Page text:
The Council of Europe's New Convention on Offences relating to Cultural Property - At their 1285th meeting on 3 May 2017, the Ministers' Deputies adopted the Council of Europe Convention on Offences relating to Cultural Property. The new criminal law convention, replacing the failed Delphi Convention, will be opened for signature at the 127th Session of the Committee of Ministers on 19 May in Nicosia, Cyprus.


Keeping clients better informed and making business more transparent top the list of priorities for dealers, according to the LAPADA Members Survey 2017.

Supplying more useful information, including explanatory videos online, boosting confidence with authenticity certificates and a proper returns policy, publishing research into pieces and working closely with trade associations all form part of the drive to raise standards as dealers recognise the need to police themselves more rigorously in the face of increasing challenges from outside interests.

The survey also reveals that on average LAPADA dealers import just under a quarter of overseas purchases from the European Union, while EU buyers account for just under 20% of sales.

CEO Rebecca Davies also noted that members are rapidly recognising not just the importance of the internet and an excellent website for building business, but also the role that social media has to play, particularly Instagram, echoing the thoughts of Sherborne dealer Patrick Macintosh when he recently joined the Board.

"An educational programme, providing more extensive useful information for both dealers and their clients to help them do business together while fulfilling all their compliance obligations is clearly very important to our members if you sift through the responses.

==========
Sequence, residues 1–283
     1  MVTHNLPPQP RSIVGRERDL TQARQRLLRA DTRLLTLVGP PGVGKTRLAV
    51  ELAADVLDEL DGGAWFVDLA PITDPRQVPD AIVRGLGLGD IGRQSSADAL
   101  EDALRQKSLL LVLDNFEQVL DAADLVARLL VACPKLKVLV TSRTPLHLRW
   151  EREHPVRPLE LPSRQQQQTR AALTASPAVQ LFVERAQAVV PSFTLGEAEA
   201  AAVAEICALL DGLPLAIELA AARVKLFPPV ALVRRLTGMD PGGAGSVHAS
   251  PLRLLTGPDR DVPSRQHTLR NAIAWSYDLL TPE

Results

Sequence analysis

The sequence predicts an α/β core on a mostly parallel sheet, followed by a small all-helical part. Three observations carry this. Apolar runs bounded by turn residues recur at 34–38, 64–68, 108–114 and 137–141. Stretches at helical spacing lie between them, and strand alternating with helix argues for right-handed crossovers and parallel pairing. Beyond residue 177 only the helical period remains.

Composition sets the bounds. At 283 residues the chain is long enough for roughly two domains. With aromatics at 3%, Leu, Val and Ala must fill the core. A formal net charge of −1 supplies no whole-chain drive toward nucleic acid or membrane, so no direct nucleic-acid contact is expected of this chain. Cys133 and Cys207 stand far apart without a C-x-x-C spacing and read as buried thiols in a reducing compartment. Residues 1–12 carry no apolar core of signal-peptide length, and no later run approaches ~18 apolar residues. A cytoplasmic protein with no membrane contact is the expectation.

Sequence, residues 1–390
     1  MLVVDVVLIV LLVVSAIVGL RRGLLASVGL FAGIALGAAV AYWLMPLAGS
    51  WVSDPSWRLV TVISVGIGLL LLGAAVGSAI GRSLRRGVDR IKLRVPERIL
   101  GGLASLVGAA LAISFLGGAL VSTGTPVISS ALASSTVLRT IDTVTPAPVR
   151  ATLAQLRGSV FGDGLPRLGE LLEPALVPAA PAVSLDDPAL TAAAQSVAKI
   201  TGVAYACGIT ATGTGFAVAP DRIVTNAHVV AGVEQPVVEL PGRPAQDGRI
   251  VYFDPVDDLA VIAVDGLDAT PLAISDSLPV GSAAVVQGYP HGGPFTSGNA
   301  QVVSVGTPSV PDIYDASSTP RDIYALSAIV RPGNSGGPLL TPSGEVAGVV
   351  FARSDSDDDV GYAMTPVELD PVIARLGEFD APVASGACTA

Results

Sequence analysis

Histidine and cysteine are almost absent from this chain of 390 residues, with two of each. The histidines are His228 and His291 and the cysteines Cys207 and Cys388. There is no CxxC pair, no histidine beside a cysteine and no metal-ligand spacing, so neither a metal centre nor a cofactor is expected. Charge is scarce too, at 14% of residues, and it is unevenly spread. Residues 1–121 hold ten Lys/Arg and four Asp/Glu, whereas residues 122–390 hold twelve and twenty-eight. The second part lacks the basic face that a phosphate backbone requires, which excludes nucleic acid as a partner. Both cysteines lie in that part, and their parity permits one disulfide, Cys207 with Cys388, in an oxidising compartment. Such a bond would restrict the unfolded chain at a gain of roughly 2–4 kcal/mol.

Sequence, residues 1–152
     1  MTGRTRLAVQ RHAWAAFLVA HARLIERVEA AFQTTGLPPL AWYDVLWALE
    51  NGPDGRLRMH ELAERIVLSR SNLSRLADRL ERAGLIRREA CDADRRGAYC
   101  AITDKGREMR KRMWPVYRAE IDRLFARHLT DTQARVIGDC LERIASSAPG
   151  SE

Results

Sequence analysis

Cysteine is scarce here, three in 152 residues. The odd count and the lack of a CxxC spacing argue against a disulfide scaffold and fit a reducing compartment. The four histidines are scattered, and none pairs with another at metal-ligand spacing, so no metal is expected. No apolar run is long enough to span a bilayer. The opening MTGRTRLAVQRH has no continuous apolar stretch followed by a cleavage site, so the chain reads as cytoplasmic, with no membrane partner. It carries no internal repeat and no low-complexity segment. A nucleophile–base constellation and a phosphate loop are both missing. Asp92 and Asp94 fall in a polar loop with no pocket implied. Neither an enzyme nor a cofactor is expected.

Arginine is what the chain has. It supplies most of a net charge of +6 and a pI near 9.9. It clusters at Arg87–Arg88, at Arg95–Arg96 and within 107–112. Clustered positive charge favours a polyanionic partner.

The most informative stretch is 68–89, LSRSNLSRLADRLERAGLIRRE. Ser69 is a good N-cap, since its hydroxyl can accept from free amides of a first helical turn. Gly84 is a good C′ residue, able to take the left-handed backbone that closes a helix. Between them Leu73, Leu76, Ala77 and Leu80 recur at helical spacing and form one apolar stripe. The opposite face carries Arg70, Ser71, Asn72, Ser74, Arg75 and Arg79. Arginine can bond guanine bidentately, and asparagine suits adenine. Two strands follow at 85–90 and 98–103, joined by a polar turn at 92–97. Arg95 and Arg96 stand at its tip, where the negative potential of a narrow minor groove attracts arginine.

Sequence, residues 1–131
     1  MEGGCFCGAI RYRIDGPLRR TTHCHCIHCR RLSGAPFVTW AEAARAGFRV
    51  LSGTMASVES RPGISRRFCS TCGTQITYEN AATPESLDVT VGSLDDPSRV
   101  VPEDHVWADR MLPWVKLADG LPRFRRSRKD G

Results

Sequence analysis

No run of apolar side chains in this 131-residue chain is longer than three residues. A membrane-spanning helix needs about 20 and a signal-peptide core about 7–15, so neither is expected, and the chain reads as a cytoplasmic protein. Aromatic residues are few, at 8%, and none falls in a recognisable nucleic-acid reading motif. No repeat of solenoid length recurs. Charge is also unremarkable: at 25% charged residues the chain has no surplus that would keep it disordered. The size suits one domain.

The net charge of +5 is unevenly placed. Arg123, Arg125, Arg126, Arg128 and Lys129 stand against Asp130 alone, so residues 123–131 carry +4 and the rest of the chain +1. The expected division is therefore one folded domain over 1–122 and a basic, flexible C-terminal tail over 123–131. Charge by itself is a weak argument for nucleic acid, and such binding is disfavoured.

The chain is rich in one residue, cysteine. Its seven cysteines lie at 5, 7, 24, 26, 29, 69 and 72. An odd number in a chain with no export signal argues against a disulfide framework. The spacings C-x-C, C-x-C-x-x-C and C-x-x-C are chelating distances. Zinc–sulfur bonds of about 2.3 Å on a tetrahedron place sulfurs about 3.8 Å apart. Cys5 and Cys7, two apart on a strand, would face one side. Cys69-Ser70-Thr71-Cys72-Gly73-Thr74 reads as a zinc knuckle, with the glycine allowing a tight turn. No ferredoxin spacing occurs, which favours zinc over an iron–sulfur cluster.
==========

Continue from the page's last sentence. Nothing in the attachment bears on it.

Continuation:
"They convey a very strong sense that high standards of service and transparency are absolutely essential to future prosperity, not something that needs to be imposed on the trade by regulators."

Ms Davies also noted the sharp focus on excellent photography, quality websites and more interaction online, especially via social media.

"For a number of years, many dealers saw the internet as an unnecessary additional burden on their time and resources. Now that has changed and there is a noticeable acceleration in the desire not just to have a website but to make it one of the central planks of every business."

Other notable initiatives and advice among the responses include employing younger staff to help gain a wider perspective on what new clients are looking for, as well as to make sure that galleries use technology and social media more effectively.

Survival, attempting to sell more online and concentrating on finding new business in their local area were also themes when it came to the question of priorities for the year ahead. Although there were a couple of references to Brexit and the uncertainty over future market relationships, the bulk of responses focused on being more proactive, changing with the times and better marketing.

Other key features from the survey include the primacy of decorating alongside collecting as reasons for buying from dealers. The past year has also seen a greater emphasis on higher value items being sold, while clients come primarily from outside the local area but within the UK, and dealers tend to have more overseas than local clients.


SEO Tip: Reuse keywords

Increasing your visibility online means heightening your status on search engines such as Google. Google creates its database using words not images, which means keywords are crucial to being found online. Use keywords in your title such as the style, medium and object type. Once you have keywords and have created your title, use the same phrasing in the first sentence of the description with no other words thrown in. Repeating these keywords helps you be found in Google.


Located in Antwerp, Deconamic specializes in bronzes, sculptures and art from the Art Noveau and Art Deco periods, and has more than thirty years experience in the antiques business. Owner Marjolein van der Slikke discusses the allure of works from these time periods and how to incorporate them into a collection on RubyLUX's LUXPOP! Read more.
Dear Cinoa Dealer,

RubyLUX is proud to partner with CINOA. This partnership aims to advance the art and antiques industry by providing you with the exceptional online tools that RubyLUX is built on to increase your business, and will continue to grow. We believe that you are the only one who can decide what is right for your business. Please browse through the site and contact with any questions.

Best regards,